Nowadays, it seems like there is a “proper” way of doing everything, and it often contradicts the thing we have been doing all our lives. From “the proper way to walk a dog” to “the proper way to drink water,” the internet seems to be preaching against what you’ve always been doing. This post brings that take to cappuccino.
The proper way to drink cappuccino like the Italians is to pour one-third out, so you’re left with an 8-ounce serving. You should have it standing up and must do so a little before 11 am. Italian coffee bars feature an area to stand and have your cappuccino, and their coffee features less espresso.
In this article, we will explore the differences between Italian and American cappuccino in terms of serving size, the ratio of their respective contents, and the style of consumption. Towards the end, we will compare both methods to see which one is superior across three different dimensions.
In the United States, a Cappuccino is meant to be a large beverage consumed over a period of 10 to 20 minutes. Most coffee chains offer an option to upsize your cappuccino, and cozy seating entices customers to go for the larger portion.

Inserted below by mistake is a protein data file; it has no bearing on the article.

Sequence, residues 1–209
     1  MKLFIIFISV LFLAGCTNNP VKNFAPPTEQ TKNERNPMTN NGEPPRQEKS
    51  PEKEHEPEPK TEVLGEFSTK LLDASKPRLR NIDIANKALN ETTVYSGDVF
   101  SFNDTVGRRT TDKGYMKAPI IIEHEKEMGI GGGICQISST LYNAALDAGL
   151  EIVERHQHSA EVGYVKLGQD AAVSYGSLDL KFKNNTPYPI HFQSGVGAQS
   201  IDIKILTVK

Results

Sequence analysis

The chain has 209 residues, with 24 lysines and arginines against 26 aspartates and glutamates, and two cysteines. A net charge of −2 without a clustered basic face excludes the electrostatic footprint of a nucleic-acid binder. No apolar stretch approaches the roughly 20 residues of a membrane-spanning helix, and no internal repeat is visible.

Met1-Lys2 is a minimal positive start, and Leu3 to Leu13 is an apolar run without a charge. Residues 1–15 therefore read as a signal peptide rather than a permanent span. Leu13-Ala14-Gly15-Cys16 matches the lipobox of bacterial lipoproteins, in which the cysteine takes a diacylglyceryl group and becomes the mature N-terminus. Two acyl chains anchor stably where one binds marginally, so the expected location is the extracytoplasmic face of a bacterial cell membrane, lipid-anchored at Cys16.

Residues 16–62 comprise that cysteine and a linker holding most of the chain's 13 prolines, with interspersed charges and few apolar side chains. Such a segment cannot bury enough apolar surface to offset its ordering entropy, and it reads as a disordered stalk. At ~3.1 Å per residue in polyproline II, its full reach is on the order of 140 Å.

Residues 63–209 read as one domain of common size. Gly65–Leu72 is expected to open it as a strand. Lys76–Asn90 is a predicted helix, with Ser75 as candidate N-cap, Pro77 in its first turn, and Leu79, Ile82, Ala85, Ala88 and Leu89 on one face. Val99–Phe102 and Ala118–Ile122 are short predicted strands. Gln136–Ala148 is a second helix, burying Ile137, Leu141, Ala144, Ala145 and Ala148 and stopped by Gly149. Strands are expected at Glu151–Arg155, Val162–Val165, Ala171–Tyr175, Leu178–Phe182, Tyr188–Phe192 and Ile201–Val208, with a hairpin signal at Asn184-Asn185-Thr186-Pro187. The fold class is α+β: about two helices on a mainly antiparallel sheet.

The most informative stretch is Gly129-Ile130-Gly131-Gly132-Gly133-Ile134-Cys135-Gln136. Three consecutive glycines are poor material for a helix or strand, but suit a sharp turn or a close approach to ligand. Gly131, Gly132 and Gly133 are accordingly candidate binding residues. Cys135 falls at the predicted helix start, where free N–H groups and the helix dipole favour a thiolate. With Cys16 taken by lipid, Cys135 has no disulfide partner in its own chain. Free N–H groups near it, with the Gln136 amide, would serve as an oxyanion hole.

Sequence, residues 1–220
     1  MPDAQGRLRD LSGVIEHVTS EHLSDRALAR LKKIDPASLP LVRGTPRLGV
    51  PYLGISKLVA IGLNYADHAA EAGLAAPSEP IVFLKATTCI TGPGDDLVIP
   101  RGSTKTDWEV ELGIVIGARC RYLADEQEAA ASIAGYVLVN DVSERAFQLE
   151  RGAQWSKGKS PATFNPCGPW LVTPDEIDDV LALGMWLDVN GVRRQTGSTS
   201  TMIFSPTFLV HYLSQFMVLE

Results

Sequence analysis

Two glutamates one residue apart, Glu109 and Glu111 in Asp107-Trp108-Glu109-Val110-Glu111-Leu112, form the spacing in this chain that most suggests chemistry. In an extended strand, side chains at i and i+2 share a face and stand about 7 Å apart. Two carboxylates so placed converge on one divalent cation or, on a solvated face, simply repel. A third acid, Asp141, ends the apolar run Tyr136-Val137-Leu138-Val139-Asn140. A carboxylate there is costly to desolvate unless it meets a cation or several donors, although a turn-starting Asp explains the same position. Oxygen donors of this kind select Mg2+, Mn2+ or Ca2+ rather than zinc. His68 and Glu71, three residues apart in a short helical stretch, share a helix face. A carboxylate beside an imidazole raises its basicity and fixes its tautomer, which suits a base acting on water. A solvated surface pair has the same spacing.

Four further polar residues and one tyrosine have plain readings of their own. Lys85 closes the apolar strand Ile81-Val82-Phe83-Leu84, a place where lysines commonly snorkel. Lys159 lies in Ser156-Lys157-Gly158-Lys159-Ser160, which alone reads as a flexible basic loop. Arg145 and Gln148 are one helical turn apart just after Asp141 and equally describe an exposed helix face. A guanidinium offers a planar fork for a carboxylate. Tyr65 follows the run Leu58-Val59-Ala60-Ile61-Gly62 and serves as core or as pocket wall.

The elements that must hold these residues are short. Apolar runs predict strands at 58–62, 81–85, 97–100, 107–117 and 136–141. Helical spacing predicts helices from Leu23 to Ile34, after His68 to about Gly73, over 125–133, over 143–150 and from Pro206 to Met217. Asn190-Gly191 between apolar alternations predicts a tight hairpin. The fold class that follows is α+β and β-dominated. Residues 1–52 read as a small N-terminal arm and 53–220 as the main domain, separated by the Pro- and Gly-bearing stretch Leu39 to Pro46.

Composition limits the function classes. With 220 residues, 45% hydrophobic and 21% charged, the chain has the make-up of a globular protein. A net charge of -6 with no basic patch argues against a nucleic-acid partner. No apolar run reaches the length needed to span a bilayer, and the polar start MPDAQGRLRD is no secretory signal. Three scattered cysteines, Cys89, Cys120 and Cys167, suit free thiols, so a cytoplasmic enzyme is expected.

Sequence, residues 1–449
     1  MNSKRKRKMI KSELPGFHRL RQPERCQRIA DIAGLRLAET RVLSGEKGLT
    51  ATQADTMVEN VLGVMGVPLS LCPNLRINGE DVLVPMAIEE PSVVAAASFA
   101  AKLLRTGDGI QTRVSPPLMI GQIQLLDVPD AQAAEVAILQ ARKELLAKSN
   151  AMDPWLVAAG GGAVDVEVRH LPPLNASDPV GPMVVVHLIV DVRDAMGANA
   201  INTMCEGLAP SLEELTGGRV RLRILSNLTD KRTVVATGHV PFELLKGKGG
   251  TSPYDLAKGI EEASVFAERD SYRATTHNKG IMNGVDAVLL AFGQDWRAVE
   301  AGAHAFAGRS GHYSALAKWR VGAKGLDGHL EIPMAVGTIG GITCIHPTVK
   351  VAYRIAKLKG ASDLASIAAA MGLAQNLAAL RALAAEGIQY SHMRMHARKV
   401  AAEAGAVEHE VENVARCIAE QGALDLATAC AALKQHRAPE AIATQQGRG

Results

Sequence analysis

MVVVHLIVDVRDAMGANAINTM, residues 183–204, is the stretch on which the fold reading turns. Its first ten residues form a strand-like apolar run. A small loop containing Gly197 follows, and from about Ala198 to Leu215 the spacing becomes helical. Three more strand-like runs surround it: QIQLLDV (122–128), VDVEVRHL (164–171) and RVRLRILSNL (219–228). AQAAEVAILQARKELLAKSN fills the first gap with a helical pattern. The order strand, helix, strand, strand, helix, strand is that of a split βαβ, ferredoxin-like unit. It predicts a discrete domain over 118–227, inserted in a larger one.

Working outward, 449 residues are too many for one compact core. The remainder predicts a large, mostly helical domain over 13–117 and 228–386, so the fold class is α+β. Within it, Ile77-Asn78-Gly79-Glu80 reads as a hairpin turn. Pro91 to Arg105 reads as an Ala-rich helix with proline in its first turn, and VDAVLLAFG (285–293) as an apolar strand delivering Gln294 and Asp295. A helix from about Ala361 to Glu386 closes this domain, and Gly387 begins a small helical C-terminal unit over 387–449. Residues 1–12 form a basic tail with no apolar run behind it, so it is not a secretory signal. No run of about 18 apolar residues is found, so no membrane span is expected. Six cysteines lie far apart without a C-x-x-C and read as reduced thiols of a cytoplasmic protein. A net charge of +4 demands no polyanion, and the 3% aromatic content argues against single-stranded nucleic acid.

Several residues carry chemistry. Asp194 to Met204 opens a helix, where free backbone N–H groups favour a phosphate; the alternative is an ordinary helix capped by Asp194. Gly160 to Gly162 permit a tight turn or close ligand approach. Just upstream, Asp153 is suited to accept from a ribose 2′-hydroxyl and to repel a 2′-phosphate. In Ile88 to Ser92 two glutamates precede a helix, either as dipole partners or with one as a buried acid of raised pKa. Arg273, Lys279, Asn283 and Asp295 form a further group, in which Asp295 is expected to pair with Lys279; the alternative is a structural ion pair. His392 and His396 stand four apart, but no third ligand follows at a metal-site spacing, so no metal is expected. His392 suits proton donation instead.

In Italy, cappuccino is served in cups slightly larger than an espresso shot. Let’s take the example of Starbucks, a thoroughly Americanized coffee chain inspired by the Italian coffee culture.
The smallest serving of coffee, aside from an espresso shot, comes in a 12-ounce cup. Compared to that, the standard cappuccino at an Italian coffee bar is served in an 8-ounce cup. Featuring eight times less cappuccino, Italian coffee can be consumed many more times during the day compared to an American cappuccino.
Smaller cups equal more caffeine to most people in the states. If you have read my article on the amount of espresso in a serving of cappuccino, you already know that the beverage is more caffeine-dense if you order a smaller serving. In Italy, coffee isn’t celebrated for its caffeine as much as it is for its taste. That’s why smaller servings don’t automatically imply that the coffee is more concentrated.
In fact, the American cappuccino has more caffeine than its Italian counterpart if you compare a single serving of each. An ounce of the American variety has the same caffeine as the equivalent of an Italian cappuccino.